How to Create Typographic Magazine-Style Layouts

For a conversion focused website, there's nothing more important than text. Your words need to be convincing. If they aren't, nothing else you do on your site matters.

But words don't only have to be convincing. As you'll see in this tutorial, letters, words and typography can become a design element in their own right. Watch the video to see how you can create text layouts with a serious wow-factor!


The tool used in the video is the Thrive Architect plugin for WordPress. We've added a new template to the Thrive Architect template cloud, which includes all of the layouts shown in the video:

To get this, load a page with Thrive Architect, go to "page setup" (next to the save button), click "Change landing page template" and you'll be able to choose the "Typography Playground" template in the "Bonus Templates" set.

You can then save any element or layout on the page as a content template, to re-use anywhere on your site.

Why Real Text Layouts Are Better than Images

This tutorial (and the template) aren't just a way to show off some of the advanced features in Thrive Architect. There are good reasons to create layouts like this in Thrive Architect.

The alternative is to use an image editing tool like Photoshop to create such layouts and then save and upload the image to your site. This isn't a very good solution - building the layouts directly in Thrive Architect is better because:

  • These real text layouts are more SEO friendly: the layouts consist of real text that can be read by search engines and count as part of your page's content.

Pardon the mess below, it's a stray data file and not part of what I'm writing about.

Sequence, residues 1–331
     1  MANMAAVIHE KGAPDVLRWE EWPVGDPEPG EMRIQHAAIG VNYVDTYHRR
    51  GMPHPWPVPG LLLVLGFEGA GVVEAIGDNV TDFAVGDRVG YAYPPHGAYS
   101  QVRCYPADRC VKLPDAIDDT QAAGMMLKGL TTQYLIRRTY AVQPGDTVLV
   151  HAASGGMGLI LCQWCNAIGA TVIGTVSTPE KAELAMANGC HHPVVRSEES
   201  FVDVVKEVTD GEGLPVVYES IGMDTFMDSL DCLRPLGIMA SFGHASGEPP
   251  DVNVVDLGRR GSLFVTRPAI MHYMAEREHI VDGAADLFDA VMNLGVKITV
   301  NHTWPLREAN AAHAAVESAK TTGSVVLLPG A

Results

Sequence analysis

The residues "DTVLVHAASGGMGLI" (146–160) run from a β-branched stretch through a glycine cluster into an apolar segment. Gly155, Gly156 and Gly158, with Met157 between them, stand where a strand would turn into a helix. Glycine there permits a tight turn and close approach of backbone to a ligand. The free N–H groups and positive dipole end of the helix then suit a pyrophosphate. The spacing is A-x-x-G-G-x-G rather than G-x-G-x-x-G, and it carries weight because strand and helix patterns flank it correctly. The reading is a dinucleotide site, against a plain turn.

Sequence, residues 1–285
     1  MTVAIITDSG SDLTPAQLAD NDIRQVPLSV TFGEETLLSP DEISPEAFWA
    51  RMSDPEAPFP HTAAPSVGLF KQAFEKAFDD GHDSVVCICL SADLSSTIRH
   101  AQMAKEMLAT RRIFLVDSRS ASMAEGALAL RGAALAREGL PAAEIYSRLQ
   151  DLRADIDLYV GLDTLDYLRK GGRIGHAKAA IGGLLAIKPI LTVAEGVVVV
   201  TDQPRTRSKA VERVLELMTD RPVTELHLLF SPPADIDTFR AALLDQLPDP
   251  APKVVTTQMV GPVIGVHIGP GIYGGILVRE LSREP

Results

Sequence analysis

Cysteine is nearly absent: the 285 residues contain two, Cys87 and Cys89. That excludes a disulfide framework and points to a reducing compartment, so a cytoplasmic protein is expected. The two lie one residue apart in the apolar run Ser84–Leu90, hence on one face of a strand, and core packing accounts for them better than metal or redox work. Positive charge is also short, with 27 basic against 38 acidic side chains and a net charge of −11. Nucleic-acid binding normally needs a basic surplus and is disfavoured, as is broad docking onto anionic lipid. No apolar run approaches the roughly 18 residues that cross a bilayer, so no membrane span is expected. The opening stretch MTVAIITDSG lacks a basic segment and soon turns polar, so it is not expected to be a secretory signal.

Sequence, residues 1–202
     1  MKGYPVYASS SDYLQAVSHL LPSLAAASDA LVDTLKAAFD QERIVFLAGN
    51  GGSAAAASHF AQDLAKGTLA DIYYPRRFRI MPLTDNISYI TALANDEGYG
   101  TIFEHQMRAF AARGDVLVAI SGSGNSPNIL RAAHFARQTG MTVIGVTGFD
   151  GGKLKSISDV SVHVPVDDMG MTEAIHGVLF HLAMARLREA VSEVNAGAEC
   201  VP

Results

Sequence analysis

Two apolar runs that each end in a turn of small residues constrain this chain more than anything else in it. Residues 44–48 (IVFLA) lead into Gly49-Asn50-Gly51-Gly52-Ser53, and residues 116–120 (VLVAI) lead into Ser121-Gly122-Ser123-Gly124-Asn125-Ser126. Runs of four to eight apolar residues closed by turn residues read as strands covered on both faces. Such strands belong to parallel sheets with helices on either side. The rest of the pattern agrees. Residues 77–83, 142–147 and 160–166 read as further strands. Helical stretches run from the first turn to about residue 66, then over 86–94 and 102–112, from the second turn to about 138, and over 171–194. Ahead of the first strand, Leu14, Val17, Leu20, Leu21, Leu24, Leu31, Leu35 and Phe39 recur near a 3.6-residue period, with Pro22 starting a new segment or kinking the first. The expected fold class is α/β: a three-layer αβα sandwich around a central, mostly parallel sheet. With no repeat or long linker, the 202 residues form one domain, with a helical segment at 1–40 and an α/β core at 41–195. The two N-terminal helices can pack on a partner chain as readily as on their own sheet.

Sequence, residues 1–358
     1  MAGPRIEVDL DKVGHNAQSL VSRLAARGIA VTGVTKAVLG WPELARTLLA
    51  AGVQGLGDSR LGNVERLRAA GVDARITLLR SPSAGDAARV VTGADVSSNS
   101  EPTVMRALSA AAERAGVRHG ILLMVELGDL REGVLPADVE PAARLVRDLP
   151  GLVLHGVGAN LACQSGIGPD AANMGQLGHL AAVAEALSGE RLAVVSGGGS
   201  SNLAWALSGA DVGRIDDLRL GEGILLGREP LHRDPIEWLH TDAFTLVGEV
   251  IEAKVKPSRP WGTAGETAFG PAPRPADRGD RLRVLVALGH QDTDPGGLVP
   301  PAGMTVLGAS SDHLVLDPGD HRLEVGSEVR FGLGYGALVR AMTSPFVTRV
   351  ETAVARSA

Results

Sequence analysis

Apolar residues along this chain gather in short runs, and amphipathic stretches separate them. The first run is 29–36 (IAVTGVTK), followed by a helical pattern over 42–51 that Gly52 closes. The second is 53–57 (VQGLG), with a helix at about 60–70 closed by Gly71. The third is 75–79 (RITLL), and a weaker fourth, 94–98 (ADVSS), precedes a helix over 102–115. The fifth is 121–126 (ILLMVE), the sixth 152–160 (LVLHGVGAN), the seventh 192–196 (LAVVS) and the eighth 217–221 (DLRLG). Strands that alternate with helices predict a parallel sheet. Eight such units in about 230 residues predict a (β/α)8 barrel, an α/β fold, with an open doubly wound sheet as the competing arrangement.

• They are much smaller in data size than image files. As a result, they are faster to load.
  • They are more mobile friendly than images. They can be made mobile responsive and real text at small sizes is crisper and more readable than an image of text, shrunken down.
  • They are much faster to edit: want to change the wording? Just click and edit. No need to create, upload and replace an image.
  • Real text layouts can be created directly in Thrive Architect, which means you don't have to learn how to use a complicated image editing tool and don't have to spend untold $$$ on Adobe's insane subscription prices (or on hiring a designer to do the work for you).

Video Highlights

The video covers many different details and features. Here's an overview of the highlights, so you can easily reference back to specific parts:

The Letter Outline Trick

Starts at 03:55

In CSS, the design language of websites, you cannot add an outline effect to letters. This part of the video shows the trick we use to get around this limitation: we add multiple drop shadows and remove the "blur" effect from the shadows. The end effect is that we have an almost perfect outline around the letters.

To find the text shadow option, click onto the text element and then open the "Advanced" toggle in the text options:

To get the effect of a solid border, you'll need to add multiple shadows.

Add a shadow and:

  • Give it a solid color (100% opacity)
  • Set the angle to
  • Set the blur to 0px
  • Set the distance to whatever you want the line thickness to be. A 2px distance results in a letter outline of 2px.

Now, add a new shadow with the exact same settings but with a 90° angle. Continue this 2 more times for 180° and 270°. Basically you're adding right, top, left and bottom shadows which creates the impression of a border around the letters.

Note for Perfectionsist